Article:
The many ways to organize photos in Lightroom include not only folders and keywords, which I covered in Part 1 of this post. Take things a step further and try out collections, Quick Collections, and stacks. Here’s a quick guide to what these features are and when to use them:
Collections–A collection is a virtual group that can include any imported photo, regardless of where it’s located or what keywords you’ve assigned it. Collections come in handy for organizing photos by project. Think use, rather than subject matter, when you’re creating a collection. For example, you might want to collect an assortment of unrelated photos to include in a Web Photo Gallery, a contact sheet, or a slideshow you’re creating in another Lightroom module. A library can hold multiple collections, and the same photo can belong to more than one collection.
Quick Collection–A Quick Collection is a one-off, temporary collection. You can have only one Quick Collection at a time. Use it to group items for immediate, short-term use. If you want to preserve a Quick Collection, choose File > Save Quick Collection to save it as a regular collection.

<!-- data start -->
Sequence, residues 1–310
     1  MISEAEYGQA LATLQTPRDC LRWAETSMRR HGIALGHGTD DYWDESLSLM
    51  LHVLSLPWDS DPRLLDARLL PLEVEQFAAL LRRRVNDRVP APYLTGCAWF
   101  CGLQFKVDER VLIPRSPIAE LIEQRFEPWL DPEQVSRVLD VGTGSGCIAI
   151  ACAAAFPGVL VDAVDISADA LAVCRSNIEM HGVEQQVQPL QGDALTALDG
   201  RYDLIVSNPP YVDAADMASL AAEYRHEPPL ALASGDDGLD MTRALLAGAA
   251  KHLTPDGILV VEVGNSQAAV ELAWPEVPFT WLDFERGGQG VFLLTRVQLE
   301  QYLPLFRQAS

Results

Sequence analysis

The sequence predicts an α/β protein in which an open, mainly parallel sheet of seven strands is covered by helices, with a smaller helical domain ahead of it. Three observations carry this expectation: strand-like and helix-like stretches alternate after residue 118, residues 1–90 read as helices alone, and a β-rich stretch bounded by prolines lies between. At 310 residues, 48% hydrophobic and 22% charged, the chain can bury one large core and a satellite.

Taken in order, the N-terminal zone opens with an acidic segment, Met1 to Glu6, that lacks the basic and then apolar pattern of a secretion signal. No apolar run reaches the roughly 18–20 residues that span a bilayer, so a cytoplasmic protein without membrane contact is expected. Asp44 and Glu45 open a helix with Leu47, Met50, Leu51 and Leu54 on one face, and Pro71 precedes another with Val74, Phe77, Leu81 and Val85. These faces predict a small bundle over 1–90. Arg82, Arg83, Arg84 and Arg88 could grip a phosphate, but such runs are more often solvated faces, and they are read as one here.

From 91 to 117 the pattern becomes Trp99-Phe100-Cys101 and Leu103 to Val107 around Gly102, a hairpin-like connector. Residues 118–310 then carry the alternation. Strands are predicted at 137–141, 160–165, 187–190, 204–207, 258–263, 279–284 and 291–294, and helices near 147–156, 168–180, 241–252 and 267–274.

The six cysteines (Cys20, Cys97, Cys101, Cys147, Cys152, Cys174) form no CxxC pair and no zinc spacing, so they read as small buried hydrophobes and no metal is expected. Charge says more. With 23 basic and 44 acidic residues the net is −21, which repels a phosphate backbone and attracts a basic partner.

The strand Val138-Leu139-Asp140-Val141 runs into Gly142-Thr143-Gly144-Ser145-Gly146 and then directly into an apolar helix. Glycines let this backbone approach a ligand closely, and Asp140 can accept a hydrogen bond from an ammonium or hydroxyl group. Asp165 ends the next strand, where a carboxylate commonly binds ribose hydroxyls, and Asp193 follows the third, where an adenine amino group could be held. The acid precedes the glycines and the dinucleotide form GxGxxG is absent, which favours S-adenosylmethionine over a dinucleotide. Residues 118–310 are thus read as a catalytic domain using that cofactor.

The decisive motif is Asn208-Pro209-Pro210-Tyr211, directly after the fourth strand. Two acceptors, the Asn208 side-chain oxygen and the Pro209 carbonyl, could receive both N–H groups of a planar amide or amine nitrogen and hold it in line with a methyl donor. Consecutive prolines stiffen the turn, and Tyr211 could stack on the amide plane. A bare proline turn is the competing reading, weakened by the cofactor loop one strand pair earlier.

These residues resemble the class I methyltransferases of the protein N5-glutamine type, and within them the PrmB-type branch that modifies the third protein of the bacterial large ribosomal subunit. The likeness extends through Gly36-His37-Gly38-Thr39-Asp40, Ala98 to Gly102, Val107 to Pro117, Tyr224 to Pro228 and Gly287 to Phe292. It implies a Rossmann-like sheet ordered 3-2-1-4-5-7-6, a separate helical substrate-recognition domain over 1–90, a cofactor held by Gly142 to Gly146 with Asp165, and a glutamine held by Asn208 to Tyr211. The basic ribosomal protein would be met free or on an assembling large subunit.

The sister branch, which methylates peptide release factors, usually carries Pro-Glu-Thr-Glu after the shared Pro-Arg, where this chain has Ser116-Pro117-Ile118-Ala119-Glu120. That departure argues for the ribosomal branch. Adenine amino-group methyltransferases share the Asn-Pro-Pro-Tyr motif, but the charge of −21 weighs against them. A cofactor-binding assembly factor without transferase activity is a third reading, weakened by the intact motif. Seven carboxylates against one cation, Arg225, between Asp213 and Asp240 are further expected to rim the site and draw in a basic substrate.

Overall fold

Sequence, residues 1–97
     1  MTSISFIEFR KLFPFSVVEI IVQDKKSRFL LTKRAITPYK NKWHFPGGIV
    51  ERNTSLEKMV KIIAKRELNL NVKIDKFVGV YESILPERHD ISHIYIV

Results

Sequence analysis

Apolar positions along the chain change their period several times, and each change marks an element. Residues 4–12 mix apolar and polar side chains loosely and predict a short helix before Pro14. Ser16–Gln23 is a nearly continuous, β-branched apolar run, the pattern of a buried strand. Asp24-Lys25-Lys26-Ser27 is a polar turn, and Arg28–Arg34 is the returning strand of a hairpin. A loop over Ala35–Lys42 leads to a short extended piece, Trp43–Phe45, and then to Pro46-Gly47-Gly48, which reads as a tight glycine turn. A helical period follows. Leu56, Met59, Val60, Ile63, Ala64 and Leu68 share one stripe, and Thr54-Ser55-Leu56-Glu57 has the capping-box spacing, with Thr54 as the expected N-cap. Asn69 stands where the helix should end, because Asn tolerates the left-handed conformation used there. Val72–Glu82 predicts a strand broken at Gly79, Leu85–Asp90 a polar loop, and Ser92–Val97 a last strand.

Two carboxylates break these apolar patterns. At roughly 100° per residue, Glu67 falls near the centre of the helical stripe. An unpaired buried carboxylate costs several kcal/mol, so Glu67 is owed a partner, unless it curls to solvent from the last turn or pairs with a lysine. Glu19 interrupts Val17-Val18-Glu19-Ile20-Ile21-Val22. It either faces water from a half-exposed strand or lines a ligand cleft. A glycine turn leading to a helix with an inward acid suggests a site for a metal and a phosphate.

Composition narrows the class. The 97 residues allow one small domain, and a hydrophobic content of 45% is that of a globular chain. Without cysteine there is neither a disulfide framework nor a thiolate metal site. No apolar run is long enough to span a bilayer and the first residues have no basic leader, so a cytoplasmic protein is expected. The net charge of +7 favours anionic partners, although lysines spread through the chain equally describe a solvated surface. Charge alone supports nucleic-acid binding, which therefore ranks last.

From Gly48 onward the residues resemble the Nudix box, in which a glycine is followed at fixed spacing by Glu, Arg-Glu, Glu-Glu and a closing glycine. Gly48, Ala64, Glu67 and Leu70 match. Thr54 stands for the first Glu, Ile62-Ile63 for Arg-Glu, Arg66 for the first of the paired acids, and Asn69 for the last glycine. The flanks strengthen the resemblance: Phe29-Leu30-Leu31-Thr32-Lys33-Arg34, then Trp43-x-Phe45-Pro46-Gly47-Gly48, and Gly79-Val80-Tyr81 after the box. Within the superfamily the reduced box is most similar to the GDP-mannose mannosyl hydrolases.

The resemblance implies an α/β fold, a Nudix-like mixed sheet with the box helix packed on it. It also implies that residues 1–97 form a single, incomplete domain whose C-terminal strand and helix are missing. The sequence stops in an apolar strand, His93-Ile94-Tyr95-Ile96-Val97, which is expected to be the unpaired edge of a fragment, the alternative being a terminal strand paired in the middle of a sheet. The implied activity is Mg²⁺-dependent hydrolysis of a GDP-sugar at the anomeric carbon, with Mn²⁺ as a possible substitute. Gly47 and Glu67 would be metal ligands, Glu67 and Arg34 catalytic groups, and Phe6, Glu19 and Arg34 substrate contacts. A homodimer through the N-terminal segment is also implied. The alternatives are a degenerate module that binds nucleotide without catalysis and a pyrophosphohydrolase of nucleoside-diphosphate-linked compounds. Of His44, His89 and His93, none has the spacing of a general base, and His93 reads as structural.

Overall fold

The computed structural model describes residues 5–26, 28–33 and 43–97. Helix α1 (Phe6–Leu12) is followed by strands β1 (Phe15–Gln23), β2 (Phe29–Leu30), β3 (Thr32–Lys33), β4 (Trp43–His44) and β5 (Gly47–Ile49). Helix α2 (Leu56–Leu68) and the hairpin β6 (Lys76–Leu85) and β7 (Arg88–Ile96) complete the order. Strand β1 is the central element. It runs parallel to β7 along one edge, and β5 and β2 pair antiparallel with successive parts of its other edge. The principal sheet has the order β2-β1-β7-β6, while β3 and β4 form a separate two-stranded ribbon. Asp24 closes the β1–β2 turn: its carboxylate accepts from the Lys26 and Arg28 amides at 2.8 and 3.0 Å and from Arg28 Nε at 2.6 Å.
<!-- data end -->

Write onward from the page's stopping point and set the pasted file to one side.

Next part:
Stacks–A stack is a virtual pile of photos. When photos are piled into a stack, you see only the one at the top. This saves viewing space, and helps keep track of similar shots. Stacks are useful for grouping multiple exposures of the same subject, and for grouping original photos with their virtual edited copies.
Armed with Parts 1 and 2 of this quick guide to Lightroom’s organizing features, you’re ready to go out and get serious about organizing your photos. Let us know how it goes by adding your comment below.